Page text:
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Algerian Militants Demand French Military Withdraws From Mali


It's MORNING EDITION, from NPR News. I'm Steve Inskeep.


And I'm Renee Montagne. We're following reports this morning that Algeria has launched a military operation against Islamist militants holding dozens of Western hostages, including Americans. The militants seized the hostages yesterday, at an oil and gas facility in Algeria. They were apparently responding to the deployment of French troops, sent to fight an insurgency in neighboring Mali. The Algerian militants threatened to blow up the oil and gas complex unless the French withdrew from Mali.

NPR's Eleanor Beardsley is following this fast-changing story from Paris and joins us now, on the line. And Eleanor, what do we know - so far - today?

ELEANOR BEARDSLEY, BYLINE: Well, Renee, a lot is being reported, but it's still unconfirmed. The British Foreign Office has said that an operation is under way against this oil and gas facility, by the Algerian government. And we're hearing separate reports - from wires and from Islamist news sites - that a terrible battle has been engaged, and up to maybe 34 Western hostages have been killed. Of course, this is a very, very remote place in the southern desert of Algeria, so there's not a lot of witnesses there.

Some wires are quoting locals, but it's not like visitors - journalists can just go there because you have to have a visa to get into Algeria. So there are not journalists at the site, so we're unable to confirm much of it. But apparently, it's not a surprise because the Algerian government fought a 10-year battle in the 1990s with these Islamists. And up to 2,000 - 200,000 people, excuse me, mostly Algerian civilians were killed in this decade-long, very brutal war. And they had one principle, one doctrine, which was: We don't negotiate with terrorists. So it wouldn't be surprising at all that - if they have launched an attack against these Islamist militants.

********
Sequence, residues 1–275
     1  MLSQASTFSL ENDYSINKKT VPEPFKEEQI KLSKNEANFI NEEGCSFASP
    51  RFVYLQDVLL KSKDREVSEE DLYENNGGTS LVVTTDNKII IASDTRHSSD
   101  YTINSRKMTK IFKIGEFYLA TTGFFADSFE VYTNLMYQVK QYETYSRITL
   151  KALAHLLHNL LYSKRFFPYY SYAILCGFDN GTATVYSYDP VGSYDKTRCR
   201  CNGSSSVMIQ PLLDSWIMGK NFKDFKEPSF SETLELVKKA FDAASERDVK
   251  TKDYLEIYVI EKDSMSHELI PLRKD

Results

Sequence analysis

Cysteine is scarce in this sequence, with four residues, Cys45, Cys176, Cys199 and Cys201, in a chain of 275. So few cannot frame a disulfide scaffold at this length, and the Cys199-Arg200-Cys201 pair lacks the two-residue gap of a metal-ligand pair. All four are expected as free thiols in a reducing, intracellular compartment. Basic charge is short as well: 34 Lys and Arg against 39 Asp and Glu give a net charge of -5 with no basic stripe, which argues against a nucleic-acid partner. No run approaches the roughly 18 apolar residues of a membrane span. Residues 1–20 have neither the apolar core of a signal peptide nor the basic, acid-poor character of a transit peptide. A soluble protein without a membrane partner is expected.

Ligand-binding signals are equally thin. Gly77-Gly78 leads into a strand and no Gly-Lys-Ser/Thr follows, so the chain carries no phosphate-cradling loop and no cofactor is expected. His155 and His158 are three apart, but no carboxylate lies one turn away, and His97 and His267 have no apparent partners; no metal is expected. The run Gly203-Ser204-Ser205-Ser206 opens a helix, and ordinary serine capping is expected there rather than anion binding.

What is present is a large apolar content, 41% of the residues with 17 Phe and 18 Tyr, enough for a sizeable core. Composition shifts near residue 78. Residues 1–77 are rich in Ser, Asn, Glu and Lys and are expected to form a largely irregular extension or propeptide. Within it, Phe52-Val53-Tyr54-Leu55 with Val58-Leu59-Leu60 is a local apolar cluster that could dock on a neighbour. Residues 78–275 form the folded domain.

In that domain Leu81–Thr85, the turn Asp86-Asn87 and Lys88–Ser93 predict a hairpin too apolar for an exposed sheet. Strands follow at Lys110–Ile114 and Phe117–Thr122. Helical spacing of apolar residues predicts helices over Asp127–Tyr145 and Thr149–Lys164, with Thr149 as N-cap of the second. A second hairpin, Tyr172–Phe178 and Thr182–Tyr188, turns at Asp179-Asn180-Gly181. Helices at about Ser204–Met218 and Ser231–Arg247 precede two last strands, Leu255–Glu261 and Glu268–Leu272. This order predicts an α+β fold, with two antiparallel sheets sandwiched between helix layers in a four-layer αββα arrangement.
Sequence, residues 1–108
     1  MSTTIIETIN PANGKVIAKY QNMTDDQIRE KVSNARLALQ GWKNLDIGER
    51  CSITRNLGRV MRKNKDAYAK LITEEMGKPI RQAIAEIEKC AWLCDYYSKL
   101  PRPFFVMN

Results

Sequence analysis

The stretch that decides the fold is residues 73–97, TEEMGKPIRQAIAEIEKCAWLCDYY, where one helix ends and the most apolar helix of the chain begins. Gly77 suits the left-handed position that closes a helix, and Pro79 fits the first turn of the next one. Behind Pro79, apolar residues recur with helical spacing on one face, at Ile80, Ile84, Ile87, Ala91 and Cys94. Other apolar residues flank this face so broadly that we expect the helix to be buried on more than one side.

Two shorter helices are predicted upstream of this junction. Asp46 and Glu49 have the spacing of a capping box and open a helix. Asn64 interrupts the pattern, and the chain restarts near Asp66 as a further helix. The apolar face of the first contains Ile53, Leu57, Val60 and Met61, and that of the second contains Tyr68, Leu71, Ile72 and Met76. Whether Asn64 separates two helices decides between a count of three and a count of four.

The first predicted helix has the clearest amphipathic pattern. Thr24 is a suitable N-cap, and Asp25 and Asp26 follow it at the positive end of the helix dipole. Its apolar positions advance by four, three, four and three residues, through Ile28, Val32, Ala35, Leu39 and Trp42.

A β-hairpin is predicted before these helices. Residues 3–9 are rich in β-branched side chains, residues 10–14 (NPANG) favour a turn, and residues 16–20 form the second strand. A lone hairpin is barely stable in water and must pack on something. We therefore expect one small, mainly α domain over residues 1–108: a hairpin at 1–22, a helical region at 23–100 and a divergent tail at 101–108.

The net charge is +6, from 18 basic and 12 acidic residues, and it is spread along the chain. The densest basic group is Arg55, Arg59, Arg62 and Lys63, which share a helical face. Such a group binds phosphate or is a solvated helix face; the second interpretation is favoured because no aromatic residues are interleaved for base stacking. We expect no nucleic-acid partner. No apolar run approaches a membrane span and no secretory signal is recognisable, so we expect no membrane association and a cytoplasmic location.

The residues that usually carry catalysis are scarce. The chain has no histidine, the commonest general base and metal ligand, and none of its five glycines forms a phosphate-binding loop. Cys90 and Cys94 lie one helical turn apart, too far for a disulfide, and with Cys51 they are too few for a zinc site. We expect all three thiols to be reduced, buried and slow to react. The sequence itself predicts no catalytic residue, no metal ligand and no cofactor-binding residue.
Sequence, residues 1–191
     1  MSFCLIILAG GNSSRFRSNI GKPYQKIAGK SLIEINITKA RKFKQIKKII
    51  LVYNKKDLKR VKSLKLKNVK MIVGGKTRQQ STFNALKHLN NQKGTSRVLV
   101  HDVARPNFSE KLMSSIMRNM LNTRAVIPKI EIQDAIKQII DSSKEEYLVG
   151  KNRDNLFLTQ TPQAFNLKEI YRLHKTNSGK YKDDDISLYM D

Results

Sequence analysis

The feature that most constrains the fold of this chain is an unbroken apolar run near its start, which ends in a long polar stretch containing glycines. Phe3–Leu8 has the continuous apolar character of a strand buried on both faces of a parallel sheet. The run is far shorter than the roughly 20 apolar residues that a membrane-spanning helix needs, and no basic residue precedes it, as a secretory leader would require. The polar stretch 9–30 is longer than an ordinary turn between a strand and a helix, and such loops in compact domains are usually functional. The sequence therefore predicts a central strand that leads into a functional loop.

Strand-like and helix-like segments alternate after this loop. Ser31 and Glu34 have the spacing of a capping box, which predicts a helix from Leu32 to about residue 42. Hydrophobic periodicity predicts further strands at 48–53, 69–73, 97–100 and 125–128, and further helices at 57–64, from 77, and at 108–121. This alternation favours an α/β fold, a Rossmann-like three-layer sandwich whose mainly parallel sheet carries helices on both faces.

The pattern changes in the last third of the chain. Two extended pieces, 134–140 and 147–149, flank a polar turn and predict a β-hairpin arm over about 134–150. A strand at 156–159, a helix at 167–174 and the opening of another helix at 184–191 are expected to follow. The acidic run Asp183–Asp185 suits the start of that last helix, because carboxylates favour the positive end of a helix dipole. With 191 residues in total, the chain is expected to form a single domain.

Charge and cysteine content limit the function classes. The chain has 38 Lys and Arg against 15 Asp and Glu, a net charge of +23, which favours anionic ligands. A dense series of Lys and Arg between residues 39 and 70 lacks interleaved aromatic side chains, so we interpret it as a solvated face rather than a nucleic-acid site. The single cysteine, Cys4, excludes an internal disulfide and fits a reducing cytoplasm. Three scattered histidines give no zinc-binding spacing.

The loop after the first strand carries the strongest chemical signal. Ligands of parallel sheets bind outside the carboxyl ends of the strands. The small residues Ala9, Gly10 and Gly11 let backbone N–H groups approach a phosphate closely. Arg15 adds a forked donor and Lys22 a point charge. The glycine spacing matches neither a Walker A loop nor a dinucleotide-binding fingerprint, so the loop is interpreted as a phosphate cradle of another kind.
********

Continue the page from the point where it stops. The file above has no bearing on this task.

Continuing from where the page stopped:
MONTAGNE: Right. And so Eleanor, what do we know about these hostage-takers, these - what they would be calling terrorists?

BEARDSLEY: Right. Well, it's apparently a new group, called the Signatories of Blood. And we don't know much about them, but we know a lot about their leader. He's very well-known by the Algerian police, and also in France. His name is Mokhtar Belmokhtar. He's a notorious one-eyed, desert jihadist. He lost his eye training in Afghanistan, in the '90s. He's been operating in this area for the last 10 years, taking hostages and killing them.

About two years ago, in France, there was a young French aid worker who was going to marry a Mali - a girl from Mali; and his best friend came down for the wedding. And right before the wedding, they were kidnapped and killed; and all of France was in mourning. So he's done horrible things. He's, we could say, a bad guy. He's known as Mr. Quran in the day, and Mr. Marlboro at night - because of his illicit cigarette running.

You've got to understand, Renee, this is a huge swath of desert area that encompasses several countries with weak states - Libya, Chad, Niger, Mali; you know, porous borders. So you have these bands of Islamists who are, you know, smuggling, kidnapping, trafficking. They operate with impunity. They're terrorizing populations. And Algeria said it closed its border with Mali. Well, the border with Mali is 1,200 miles long, and it's desert. So you can't really close that. You know, these guys ride around in pickup trucks, and do what they want. So these are the kind of people that have apparently taken these hostages.

MONTAGNE: And Eleanor, we have just about 30 seconds here, but can you tell us briefly why they attacked this facility in Algeria?

BEARDSLEY: Well, the main reason is - they cited in a communique - the betrayal of the blood of Algerian martyrs slain by French colonists. I interviewed Gilles Kepel. He's a top scholar of the Arab world. Listen to what he says.

MONTAGNE: So Eleanor, it looks like we do not have that tape, but we will be...


MONTAGNE: ...keeping track of this story as the morning goes on. Thanks very much. Eleanor Beardsley, speaking to us from Paris. Transcript provided by NPR, Copyright NPR.